Images from By Kids For Kids
Twelve-year-old Max Wallack of Massachusetts won the Design Squad's Trash to Treasure Competition, a contest that inspired kids to repurpose trash into practical inventions. Wallack's creation is the "Home Dome," a Mongolian yurt-shaped structure made of plastic bags filled with Styrofoam packing peanuts. The dome comes with a built-in bed that weighs the structure down. Wallack created the "Home Dome" as a temporary shelter for homeless people and disaster victims. It also serves to relieve landfill growth.The Trash to Treasure Competition
The aim of the Design Squad's contest was to challenge kids to take mundane discarded materials and rebuild them into something useful with the conditions that the new products provided mobility, protected the environment or were something kids could play with. Other entries included a modified mattress spring that could clear away drain clogs, a rain-powered waterwheel and a reusable tissue box. The "Home Dome" bested all comers, however, and Max was awarded a $10,000 prize provided by the Intel Foundation.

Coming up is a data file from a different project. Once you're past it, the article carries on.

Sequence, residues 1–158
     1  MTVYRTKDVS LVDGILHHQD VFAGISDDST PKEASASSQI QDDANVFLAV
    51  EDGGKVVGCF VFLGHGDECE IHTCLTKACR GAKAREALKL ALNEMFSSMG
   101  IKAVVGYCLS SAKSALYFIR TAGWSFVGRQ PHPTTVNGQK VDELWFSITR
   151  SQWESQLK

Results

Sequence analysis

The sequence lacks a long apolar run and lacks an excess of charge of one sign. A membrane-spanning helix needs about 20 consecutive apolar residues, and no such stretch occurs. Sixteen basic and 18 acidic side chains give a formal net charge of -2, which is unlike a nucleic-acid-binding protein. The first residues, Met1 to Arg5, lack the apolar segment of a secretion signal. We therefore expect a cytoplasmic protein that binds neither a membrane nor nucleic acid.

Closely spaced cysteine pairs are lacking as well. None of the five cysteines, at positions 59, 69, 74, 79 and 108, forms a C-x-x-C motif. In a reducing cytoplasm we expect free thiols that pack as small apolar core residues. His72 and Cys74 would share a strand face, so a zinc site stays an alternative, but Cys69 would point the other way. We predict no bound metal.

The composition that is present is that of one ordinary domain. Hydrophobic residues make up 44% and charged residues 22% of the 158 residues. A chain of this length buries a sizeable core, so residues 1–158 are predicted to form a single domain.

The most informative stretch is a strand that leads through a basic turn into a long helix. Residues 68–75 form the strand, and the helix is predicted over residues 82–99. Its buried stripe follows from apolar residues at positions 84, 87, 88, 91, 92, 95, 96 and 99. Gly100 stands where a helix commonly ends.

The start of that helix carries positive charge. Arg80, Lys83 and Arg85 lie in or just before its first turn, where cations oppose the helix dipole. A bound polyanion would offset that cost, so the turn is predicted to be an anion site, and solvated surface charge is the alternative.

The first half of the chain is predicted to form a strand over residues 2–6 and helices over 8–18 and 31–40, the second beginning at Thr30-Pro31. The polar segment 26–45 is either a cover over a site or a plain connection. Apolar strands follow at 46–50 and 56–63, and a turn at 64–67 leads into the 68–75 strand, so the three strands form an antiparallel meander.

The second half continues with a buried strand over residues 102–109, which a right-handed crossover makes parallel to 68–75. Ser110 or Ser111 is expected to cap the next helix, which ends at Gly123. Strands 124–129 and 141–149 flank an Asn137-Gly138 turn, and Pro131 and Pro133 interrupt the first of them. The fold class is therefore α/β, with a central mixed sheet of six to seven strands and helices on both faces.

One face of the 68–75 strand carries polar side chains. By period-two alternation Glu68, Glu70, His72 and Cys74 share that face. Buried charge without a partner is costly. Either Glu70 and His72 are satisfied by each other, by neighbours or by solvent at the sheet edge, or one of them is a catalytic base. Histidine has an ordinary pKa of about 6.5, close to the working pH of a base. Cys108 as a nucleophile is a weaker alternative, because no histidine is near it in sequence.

"I don't really care about the money. I care about helping people," said Max.
The Inspiration for the "Home Dome"
"When I was six," Max said, "I won an invention contest that included a trip to Chicago. While there, I saw homeless people living on streets, and beneath highways and underpasses. I felt very sorry for these people, and ever since then, felt that my goal and obligation was to find a way to help them. My invention improves the living conditions for homeless people, refugees, or disaster victims by giving them easy-to-assemble shelter."
Max Wallack: Inventor and Gentleman
In the second grade, Max won a contest held by the National Science Teacher's Association. He invented a wooden step with a handle that helped his great-grandmother get into automobiles. The prize from that contest was a trip to Chicago, the place where the idea for the "Home Dome" originated. Wallack also has a patent pending for a bubble-wrap based carpal tunnel aid that is worn on the wrists. The wrist aid has been praised by the president of the American Society for Surgery of the Hand.